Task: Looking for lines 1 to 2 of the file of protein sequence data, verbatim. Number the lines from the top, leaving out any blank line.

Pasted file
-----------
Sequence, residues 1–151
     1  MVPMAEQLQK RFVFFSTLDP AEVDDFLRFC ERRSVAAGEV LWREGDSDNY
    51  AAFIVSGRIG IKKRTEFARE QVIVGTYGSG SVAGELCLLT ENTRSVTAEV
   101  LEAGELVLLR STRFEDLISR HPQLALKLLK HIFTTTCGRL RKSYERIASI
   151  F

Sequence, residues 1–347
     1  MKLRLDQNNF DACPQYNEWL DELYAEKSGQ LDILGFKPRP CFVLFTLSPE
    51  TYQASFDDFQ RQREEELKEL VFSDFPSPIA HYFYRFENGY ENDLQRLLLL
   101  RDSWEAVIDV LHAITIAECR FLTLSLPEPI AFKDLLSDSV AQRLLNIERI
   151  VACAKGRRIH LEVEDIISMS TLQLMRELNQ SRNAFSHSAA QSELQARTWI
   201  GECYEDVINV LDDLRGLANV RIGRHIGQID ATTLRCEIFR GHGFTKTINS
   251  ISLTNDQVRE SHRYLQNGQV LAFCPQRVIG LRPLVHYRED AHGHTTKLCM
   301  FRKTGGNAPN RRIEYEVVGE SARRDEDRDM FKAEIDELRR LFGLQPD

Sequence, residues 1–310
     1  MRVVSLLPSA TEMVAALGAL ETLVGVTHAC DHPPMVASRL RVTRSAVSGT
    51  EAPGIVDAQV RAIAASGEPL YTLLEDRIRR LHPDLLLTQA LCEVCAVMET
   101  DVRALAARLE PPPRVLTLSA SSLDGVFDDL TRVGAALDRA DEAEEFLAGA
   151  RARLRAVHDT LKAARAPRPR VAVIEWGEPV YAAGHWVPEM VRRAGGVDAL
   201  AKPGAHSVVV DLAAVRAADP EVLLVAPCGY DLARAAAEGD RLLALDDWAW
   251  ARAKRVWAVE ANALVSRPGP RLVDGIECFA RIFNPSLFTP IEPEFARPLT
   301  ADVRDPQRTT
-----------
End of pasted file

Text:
Sequence, residues 1–151
     1  MVPMAEQLQK RFVFFSTLDP AEVDDFLRFC ERRSVAAGEV LWREGDSDNY